CREFG wrote to all Councillors to offer a solution. Here is a part of what was stated:


Council has an opportunity to avoid potential future conflict. There is no compatibility between motorbike racing and the environment at this locality. The conflict has not just surfaced overnight – it has been there for years. Contemplate what may happen in 2 years, 5 years, 10 years from now with respect to activities on the property.
There is an alternative approach.
Although the Club could be located to private land, Council is encouraged to examine its land bank to determine suitable land options for the Club. Has this happened? Has the Club been approached in relation to this?  By way of example, there is a site that may be suitable and that is on Council land containing the old quarry adjacent to the Mintaro-Manoora Road about 1 km east of Martindale Hall. There may be other suitable sites.
The final part of the solution is what then happens to Council’s Benny’s Hill property. Allow us to offer the following prospect.

*  Develop a land rehabilitation plan (CREG has offered to do this)
*  Introduce weed management strategies
*  Revegetate the land by a range of methods (e.g. direct seeding, natural revegetation,    
   but most importantly involvement of the community in tree/shrub/groundcover planting)
*  Participate in the “Carbon Neutral” program offered by Trees for Life and Men of the    
   Trees (WA) – this initiative is a way that Council can offset its carbon dioxide emissions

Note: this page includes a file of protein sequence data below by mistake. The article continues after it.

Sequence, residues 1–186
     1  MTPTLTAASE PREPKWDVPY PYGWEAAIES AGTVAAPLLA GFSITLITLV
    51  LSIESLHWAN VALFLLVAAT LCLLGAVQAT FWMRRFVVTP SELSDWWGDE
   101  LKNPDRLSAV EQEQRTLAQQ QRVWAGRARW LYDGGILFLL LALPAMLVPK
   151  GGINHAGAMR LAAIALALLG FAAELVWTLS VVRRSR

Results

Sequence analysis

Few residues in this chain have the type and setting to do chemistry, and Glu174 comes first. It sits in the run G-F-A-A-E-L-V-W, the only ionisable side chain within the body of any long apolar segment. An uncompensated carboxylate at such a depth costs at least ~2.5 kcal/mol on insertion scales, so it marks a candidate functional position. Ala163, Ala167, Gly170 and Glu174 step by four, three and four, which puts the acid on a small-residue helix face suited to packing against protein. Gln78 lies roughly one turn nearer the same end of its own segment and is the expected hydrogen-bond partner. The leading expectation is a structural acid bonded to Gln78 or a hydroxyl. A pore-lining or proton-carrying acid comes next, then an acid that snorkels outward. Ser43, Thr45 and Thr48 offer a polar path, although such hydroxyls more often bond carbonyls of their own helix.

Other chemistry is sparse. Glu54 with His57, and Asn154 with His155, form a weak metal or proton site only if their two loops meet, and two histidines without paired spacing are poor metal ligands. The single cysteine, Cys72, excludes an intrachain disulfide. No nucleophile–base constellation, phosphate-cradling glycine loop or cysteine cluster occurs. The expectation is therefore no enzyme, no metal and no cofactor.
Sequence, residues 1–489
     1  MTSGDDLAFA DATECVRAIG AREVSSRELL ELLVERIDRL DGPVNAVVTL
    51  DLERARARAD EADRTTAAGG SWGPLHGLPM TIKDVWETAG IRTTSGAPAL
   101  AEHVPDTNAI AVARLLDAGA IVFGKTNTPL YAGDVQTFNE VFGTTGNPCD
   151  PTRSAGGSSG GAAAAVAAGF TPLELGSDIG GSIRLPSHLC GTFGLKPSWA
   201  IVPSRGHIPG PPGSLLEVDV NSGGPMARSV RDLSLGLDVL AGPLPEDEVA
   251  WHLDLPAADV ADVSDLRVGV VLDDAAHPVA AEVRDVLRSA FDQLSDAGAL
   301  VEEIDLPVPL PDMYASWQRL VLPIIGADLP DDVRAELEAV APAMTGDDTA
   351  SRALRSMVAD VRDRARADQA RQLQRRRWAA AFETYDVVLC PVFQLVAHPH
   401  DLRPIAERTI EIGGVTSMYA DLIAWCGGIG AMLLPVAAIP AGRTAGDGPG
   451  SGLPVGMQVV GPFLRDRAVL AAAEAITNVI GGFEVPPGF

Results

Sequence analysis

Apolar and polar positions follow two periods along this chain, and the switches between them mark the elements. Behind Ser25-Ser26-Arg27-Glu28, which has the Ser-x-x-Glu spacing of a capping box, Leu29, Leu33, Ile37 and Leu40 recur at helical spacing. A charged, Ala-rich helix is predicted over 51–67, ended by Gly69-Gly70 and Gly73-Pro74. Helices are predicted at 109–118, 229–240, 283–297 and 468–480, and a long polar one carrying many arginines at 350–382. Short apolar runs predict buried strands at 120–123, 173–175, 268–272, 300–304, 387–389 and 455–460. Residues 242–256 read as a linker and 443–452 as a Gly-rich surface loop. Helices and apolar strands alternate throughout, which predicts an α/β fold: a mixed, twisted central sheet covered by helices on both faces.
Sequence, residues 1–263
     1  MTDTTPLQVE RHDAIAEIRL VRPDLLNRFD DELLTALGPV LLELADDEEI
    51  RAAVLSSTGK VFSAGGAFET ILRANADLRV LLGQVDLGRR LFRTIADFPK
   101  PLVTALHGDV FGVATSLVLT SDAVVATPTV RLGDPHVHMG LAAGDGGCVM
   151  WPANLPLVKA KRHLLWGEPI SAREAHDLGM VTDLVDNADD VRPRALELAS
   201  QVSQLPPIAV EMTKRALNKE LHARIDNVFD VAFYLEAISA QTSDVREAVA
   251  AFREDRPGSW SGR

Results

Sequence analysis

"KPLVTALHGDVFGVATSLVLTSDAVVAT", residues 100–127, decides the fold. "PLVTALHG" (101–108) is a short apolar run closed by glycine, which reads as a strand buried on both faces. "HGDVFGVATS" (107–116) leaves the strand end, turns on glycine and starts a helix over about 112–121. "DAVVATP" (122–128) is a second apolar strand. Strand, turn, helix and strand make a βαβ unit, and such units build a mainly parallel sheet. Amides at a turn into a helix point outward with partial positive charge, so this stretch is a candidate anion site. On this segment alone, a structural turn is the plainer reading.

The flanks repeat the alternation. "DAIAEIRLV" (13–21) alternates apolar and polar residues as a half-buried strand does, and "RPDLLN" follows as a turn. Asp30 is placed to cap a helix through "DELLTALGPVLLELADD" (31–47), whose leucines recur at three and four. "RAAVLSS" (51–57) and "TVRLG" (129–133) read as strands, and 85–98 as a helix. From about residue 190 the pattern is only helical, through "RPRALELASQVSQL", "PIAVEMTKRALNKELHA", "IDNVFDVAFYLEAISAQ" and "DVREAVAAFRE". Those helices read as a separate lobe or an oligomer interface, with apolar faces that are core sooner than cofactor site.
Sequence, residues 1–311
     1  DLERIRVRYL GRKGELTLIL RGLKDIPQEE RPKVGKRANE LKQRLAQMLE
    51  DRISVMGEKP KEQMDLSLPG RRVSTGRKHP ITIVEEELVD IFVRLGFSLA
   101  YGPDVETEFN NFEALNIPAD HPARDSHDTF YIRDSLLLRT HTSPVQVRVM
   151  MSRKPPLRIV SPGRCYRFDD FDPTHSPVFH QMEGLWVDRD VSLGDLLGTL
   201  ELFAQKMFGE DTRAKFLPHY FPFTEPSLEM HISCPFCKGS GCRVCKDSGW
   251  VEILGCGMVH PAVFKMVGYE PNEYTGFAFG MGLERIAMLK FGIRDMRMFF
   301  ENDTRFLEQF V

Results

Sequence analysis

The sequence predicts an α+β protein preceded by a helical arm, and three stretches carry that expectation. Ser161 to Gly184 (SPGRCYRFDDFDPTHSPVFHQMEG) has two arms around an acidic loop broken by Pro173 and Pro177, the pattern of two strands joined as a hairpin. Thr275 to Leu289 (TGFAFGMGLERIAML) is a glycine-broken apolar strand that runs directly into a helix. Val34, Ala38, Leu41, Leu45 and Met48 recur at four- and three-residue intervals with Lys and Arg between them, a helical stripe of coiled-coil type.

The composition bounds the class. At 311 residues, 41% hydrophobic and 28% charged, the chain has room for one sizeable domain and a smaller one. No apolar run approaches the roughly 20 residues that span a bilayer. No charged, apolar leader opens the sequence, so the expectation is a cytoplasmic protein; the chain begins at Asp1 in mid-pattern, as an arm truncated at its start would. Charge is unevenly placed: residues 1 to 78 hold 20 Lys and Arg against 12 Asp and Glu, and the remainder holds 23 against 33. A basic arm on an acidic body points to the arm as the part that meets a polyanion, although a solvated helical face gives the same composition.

from all its sources.


Unfortunately, CREFG's plea was ignored because the Council continued to allow “unlawful” use of the land until last year (2009). This “unlawful” status was confirmed by at least two independent legal opinions obtained by Council (see discussion below). It is of great concern that these opinions were ignored, as there was a risk exposure to Council and its ratepayers if an accident had occurred during a motor cycle racing event and an insurance claim was raised. It is conceivable that because no legal right to occupy the land had been obtained then it may have placed a potential liability on Council – including its officers and the ratepayers. A very worrying scenario indeed!


Emerging Conflicts and Final Decision

Foreseeing serious conflicts emerging from continued use of the land by CMCC, I met with Council’s CEO at the time in March 2007 and urged him to get all parties to the table to thrash out the major issues. Unfortunately, this was ignored. In January 2009 I approached the present CEO with the same plea, but this did not have any result. During 2007 I also had discussions with Council's former Manager of Environmental Services about how to resolve the situation of the use of the land – no result there. I raised the issue with the Mayor (when he first came to office) and a councillor about resolution of the problems. I offered to meet with CMCC's President on-site in Easter 2007, but this did not eventuate. In May 2008, I attended another Council meeting about the land use matter, and had a discussion thereafter with members of CMCC.
It was apparent that Council was not interested in resolving the issue, for whatever reason, and the CMCC was not interested in relocating. Together with another concerned citizen, I met with Council's Principal Planner towards the latter part of 2009, but already by this time it seemed that a course of action was in motion.

Legal Issues

The key issue was that Development Approval was necessary so that a lease could be given legal status. Without it, there was no legal right to use the land. During 2007 Council obtained legal opinions on the use of the land – these opinions asserted that CMCC was using the land “unlawfully” and that “Council should be examining alternative arrangements for continued activities of the CMC.” This is the nub of the problem.